An additional purpose of LBD is to reduce complications by avoiding full-incision EST (major EST) in patients with large CBD stones. Although the reported bleeding rates from previous studies involving LBD range from 0% to 9% [9-15,21], several reports on the performance of major EST before LBD showed a relatively high incidence of bleeding (8.3%–9%) [9,11]. In this study, minor EST was performed before LBD in the EST plus LBD group and clinically significant hemorrhage was not noted in either group.

Other complications occurred in two patients in the EST plus LBD group. Perforation resulting from a duodenal wall tear opposite the major papilla occurred in one patient. It occurred during stone removal with a basket after LBD and ML and was caused by the tip of the duodenoscope. This complication was found shortly after complete stone removal. A basket impaction occurred in the other patient. The basket capturing the stone was broken during ML, and a portion of the broken basket remained in the bile duct. These complications were not related to LBD, and both patients recovered with surgical intervention.

Previous definitions of technical success have varied by publication [9-13,21]. To define technical success, the frequency of required examinations may be used, but is often subject to the endoscopist. Moreover, the goal of LBD in managing large CBD stones is to avert ML and its potential complications. In the present study, we defined technical success as complete removal of CBD stones by performing LBD without an additional procedure such as ML, and we did not take into account the number of endoscopic sessions. In a retrospective study of LBD alone for retrieval of large CBD stones [14], patients in the treatment failure group showed a tendency to have a greater transverse stone diameter and smaller balloon/stone diameter ratio than patients in the treatment success group (20.8 ± 6.5 mm vs. 16.7 ± 3.9 mm P = 0.077] and 0.80 ± 0.23 vs. 0.96 ± 0.19 P = 0.066], respectively). In another retrospective multicenter study of EST plus LBD for bile duct stone removal [13], the median maximum stone size in patients undergoing ML was significantly larger than that in patients who did not undergo ML (16.7 vs. 13.3 mm, P < 0.01). In this study, treatment failure was associated with larger transverse stone diameters compared with treatment success and smaller balloon/stone diameter ratios. These results suggest that ML is more frequently used with larger stone sizes and that using a balloon catheter with a diameter smaller than the maximum transverse diameter of the stone causes resistance at the ampullary opening during stone removal with a basket or retrieval balloon catheter. Thus, the diameter of the balloon should exceed the maximum transverse diameter of the stone, but not the diameter of the bile duct.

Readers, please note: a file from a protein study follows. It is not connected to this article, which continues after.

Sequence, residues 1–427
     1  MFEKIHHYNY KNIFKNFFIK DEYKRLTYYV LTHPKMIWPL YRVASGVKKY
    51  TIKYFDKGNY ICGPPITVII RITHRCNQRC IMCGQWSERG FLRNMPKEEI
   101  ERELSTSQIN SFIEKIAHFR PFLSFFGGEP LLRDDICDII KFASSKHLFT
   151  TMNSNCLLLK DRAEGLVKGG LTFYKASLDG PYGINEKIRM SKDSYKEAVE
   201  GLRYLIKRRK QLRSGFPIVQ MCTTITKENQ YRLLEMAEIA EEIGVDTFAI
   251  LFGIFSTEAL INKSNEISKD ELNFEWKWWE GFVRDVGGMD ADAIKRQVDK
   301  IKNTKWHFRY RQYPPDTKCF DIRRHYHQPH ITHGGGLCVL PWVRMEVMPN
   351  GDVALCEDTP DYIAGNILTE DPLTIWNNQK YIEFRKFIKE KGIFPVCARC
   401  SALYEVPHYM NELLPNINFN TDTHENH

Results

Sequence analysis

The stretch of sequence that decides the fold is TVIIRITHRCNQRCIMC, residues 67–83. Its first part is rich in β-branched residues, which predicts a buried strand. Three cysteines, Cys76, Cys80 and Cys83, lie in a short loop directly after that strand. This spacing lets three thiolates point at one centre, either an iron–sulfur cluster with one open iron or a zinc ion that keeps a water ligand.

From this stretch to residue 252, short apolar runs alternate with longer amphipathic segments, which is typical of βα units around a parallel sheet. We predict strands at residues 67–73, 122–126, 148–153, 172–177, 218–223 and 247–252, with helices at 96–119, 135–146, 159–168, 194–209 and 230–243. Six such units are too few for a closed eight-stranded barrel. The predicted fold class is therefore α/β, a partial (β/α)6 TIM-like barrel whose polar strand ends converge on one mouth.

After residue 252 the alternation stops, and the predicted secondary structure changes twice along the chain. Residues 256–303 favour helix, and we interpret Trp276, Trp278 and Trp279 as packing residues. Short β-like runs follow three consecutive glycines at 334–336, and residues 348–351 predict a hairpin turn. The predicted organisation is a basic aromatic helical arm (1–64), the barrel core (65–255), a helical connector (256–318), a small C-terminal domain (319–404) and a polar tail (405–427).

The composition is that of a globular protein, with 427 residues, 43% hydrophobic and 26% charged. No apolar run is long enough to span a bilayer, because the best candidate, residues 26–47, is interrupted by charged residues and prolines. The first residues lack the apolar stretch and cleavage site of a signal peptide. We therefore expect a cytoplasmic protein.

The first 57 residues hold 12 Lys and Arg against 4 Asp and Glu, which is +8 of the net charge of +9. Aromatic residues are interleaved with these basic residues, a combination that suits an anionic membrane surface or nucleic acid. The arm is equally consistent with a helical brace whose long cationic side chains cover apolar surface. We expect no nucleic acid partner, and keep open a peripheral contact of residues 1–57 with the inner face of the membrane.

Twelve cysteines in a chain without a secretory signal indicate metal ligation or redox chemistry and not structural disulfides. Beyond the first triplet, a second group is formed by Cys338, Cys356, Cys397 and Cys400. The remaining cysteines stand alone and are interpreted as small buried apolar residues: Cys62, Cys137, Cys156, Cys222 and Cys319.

Our patient group is small and the study was limited by its retrospective nature. Moreover, our study included many older patients who may be related to a lower rate of postprocedure pancreatitis. Therefore, the efficacy and safety of LBD alone in relatively young patients with large CBD stones remains uncertain. Randomized studies comparing LBD alone and EST plus LBD should be conducted in order to confirm our results.


LBD alone may be a simple, safe, and effective alternative to EST plus LBD in relatively aged patients with large CBD stones, and it can simplify the procedure compared with EST plus LBD.

Competing interests

The authors declare that they have no competing interests.

Authors’ contributions

JCH, JHK, and BMY participated in the conception and design of the study and performed the ERCP procedures; JCH, JHK, and SGL participated in the analysis and interpretation of the data; JCH, JHK, SSK, SJS, KML and BMY were responsible for pre- and post-procedure patient care; JCH and JHK were responsible for writing the manuscript and revising it critically for important intellectual content. All authors read and approved the final manuscript.


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Pre-publication history